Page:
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KIWI magazine

Team Green

No matter how you slice the organic tomato, joining together can make a big positive impact on the planet. Parents can play a pivotal role in making good things happen in the school and add valuable experience and skills to projects. This is one resource you don’t want to waste.

How many parents does it take to screw in a compact fluorescent bulb? As many as you want; you just have to organize them. Enlist the help of parent volunteers to conduct a school building health, safety and energy audit. For more information on do-it-yourself or professional energy audits, visit the US Environmental Protection Agency.

Green scene. Create an open forum or website survey where parents can submit ideas and share observations if they can’t attend meetings. Provide many channels to enable everyone to participate. Schedule meetings and activities at different times so everyone can have a chance to get involved.

Green light, grow. Turn your PTA into an organic produce co-op or buying club. Your groups members should fulfill the minimum number of buyers requires by most clubs and co-ops. Find a local provider on

Green alert. Parents want to know what’s happening at the school, so it’s important for the PTA to have current email addresses, home and cell phone numbers. Use email for all notices and newsletters.

No-waste meetings. Strive for meetings and events that have no impact (unless it’s positive) on the environment. Email meeting agendas and minutes, use an overhead projector instead of handouts and provide access to filtered tap water and fruit. At the end of the meeting, compost the peels.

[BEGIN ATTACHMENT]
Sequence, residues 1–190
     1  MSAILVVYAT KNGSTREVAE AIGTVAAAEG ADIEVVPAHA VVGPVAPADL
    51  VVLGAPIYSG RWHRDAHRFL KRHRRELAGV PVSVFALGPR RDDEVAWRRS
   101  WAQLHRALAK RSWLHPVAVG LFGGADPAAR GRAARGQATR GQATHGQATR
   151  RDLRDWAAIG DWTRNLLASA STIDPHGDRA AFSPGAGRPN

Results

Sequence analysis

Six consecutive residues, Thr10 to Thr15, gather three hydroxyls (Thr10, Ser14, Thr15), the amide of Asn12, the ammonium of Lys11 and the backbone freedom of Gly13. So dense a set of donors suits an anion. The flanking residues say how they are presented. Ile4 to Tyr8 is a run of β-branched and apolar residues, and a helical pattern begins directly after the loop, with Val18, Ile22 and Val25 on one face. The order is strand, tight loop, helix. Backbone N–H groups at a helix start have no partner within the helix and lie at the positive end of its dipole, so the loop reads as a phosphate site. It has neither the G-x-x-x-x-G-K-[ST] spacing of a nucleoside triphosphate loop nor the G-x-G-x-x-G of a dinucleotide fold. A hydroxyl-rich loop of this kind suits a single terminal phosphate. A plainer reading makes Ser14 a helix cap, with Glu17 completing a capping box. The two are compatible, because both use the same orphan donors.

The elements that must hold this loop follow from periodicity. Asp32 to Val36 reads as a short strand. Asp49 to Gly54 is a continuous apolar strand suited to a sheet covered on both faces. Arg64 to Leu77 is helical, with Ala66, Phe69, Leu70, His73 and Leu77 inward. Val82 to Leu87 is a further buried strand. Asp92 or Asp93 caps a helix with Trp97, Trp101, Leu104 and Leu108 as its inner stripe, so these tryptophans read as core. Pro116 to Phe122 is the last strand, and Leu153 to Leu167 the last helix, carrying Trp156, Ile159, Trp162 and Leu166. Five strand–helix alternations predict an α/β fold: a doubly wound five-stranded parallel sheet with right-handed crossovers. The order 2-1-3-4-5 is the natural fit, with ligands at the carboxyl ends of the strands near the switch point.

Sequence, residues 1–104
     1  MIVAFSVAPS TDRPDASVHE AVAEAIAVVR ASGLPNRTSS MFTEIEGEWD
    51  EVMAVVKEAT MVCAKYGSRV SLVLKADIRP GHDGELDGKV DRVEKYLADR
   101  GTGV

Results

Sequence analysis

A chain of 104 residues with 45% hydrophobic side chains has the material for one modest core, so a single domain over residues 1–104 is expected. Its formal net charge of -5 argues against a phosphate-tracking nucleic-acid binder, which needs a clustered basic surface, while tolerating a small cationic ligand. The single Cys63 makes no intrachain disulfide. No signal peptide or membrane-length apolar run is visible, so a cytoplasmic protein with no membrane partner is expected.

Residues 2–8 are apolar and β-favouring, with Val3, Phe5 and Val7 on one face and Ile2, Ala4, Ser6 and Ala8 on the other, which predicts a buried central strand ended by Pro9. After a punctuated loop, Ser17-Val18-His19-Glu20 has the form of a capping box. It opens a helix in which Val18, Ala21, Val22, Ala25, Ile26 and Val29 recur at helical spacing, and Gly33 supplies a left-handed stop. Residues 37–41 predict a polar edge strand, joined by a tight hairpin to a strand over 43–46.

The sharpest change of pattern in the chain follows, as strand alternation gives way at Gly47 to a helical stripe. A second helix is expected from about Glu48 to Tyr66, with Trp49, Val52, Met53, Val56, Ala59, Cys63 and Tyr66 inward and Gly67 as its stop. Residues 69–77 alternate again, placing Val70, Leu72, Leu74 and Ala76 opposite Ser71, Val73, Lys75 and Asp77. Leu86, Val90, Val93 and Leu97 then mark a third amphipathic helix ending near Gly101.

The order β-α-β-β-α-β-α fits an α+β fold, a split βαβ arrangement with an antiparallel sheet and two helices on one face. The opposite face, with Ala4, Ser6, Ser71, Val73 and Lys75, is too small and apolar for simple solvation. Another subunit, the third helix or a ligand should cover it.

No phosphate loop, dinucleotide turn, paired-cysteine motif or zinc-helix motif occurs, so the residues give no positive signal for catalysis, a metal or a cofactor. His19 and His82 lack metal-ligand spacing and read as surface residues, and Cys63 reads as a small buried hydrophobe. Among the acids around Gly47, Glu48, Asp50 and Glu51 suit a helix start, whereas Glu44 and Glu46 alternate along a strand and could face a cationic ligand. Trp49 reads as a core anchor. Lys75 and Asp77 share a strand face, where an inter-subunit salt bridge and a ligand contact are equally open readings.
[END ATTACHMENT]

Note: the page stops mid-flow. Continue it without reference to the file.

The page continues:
Take a (fruit) stand. Is your school’s lunchroom a junkyard? If sugary snacks are the norm, it’s time to take a stand. The PTA can insist on healthy options like fresh fruit, while also removing the junk food to avoid temptation. If soda isn’t available, students won’t drink it at school.

Write your representative. PTAs should be knowledgeable about the government’s education funding and programs. If you don’t feel that the state or federal government is doing the right thing when it comes to your school’s health and safety, start a letter-writing or email campaign to give your opinion.

PTA – Plant Trees Always. Shade in schoolyards is critical for protecting young skin from the sun.

  • The Centers for Disease Control (CDC) offers a free shade planning for schools guide which contains additional resources for sun safety education.
  • Many other organizations (including the Shade Foundation provide lesson plans to help kids of all ages learn about sun safety.
  • Shade for Schools provide detailed information on canopies and shelters which provide shade as well as fundraising kits to purchase them.
  • The National Tree Trust has information and contests for kids, as well as a helpful guide for selecting trees (and a tree store).

Group tree hug. It can be hard for one person to realize the positive impact he or she has on the environment, so teaming up is the way to go for recycling drives. There are many opportunities for group recycling intiatives:

  • Earth shoesNike’s Reuse a Shoe program. Create a shoe mountain by collecting worn-out athletic shoes of any brand. Nike will recreate your treads into basketball and tennis courts as well as playgrounds for young people around the world.
  • Collection BrigadesTerraCycle. Earn money for your school by collecting product packaging such as Clif Bar wrappers or Honest Tea drink pouches, which are made into hip accessories.
  • Get some green—Collect saleable item from PTA members and have Internet-savvy parents (here’s where your early-bird and night-owl parents come in handy) sell them on or to raise money for school activities.
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